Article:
The 4 Cornerstones of Channel Training and Development

By Seth Jacobsen Posted on 9/8/15 3:33 PM

Deploying training to your distribution channel is complicated stuff. As I’ve said before, it requires rigid process, proven methodologies, and company-wide support. Not to mention a lot of hard work!

But even that is not enough. If you fail to follow this over-arching, proven 4-Cornerstone framework you will likely fail. Conversely, once you understand this framework, and why it’s important, you can confidently deploy a sound training and development strategy. 

The 4 Cornerstones of Channel Training and Development

A successful framework for Channel Training & Development incorporates these 4 cornerstones:

Communication

Your target audience is not just dealer executives. It often includes sales, service, parts and finance managers as well as their respective teams. And, in some cases, it includes a training manager at the dealership. You’ll need to communicate a clear message of what’s expected of them, why it’s important to them (and to you), and how they can acquire that training. You should plan for a minimum of monthly communications regarding curriculum and expectations. You should also consider a continual stream of tips and tricks that help them succeed with your training technologies (LMS/PRM/Etc.). A technology-frustrated trainee is not good for your business.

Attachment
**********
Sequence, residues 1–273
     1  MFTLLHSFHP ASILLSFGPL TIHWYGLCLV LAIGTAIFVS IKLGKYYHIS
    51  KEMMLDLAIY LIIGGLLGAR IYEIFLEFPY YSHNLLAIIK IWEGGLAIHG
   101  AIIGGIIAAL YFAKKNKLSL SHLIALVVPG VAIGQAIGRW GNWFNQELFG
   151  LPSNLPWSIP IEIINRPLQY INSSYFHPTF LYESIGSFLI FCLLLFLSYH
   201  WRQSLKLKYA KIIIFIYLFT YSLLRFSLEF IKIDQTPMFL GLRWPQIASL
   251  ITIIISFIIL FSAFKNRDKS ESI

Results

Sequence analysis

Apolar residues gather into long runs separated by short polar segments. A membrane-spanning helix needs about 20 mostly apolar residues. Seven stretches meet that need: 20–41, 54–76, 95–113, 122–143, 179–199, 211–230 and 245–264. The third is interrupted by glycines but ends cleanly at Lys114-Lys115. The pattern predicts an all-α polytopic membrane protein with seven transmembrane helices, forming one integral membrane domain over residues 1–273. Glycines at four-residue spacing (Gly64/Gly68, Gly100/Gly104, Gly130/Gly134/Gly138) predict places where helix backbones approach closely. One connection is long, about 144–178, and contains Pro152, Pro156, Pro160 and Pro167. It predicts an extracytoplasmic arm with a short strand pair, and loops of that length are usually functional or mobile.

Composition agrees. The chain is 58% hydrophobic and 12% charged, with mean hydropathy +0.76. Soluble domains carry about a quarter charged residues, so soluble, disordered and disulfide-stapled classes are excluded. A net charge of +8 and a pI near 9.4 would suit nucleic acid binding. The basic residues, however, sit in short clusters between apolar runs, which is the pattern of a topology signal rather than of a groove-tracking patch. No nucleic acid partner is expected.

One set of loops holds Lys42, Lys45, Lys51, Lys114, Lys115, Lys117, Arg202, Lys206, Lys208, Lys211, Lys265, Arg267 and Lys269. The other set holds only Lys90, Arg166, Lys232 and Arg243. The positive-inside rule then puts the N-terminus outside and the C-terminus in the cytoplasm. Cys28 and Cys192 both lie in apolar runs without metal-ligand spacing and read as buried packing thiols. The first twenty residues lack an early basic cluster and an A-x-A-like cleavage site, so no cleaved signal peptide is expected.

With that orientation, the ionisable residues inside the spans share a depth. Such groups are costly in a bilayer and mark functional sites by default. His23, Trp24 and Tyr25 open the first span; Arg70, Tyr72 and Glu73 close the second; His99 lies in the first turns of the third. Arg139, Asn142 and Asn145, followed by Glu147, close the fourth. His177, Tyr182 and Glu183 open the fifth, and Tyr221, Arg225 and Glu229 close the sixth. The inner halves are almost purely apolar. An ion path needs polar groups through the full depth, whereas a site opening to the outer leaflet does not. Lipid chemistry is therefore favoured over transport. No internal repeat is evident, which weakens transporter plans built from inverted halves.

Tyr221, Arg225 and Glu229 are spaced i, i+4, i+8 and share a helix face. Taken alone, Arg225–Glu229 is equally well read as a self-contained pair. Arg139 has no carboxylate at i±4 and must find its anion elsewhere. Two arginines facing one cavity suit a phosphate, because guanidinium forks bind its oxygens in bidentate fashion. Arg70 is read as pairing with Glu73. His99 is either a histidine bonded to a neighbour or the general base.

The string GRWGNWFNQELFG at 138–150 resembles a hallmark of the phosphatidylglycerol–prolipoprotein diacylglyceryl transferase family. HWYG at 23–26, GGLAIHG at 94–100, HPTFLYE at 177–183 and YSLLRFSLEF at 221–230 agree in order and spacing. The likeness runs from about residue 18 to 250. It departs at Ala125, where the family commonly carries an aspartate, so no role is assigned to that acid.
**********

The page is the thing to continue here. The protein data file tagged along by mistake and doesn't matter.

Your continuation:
Education

When your program goes live be certain you have the courses, curricula and certifications that your target audience needs to be successful. Launching a program without a reasonable amount of content will quickly kill a program. As you plan your curriculum you should consider both formal courseware such as Instructor-led Training (ILT), Web-based Training (WBT) and Interactive Distance Learning (e.g. “Webex”- style learning), as well as informal training materials such as .pdf files, Word documents, PowerPoint presentations, etc.

Motivation

Your audience must be motivated to take your training. Remember, they do not work directly for you and they face competing demands on their time. Do not assume that they are naturally motivated to become certified or improve their performance through learning. If you build it, they will not, necessarily, come. You need to look seriously at what will motivate them to become thoroughly engaged with your training. With this audience the best approach is usually a carrot, such as pay increases tied to certification levels, or a reward such as points towards gifts.

Since these people do not work directly for you it’s very difficult to brandish “the stick” such as a demotion or a discontinuation of services. It’s better to focus on rewards with this audience. However, you should consider the stick when negotiating contracts with your dealer partners by including such things as a refusal to pay warranty claims if the dealer does not maintain a pre-defined level of certified technicians. Whatever your approach, your audience must feel compelled to learn.

SEE ALSO: How to Introduce Certification Programs to your Channel Partners

Measurement

Know which KPI’s (Key Performance Indicators) are important to you, before you begin your program. And then make sure you have the technology to provide the reports that will measure those KPI’s. Your technology should also feature dashboarding capabilities that will allow you to keep your finger on the pulse of your program at any time and in real time, and on desktop, tablet and smartphone. Measurement is important to your success, and it’s important to keeping your target audience fully engaged.

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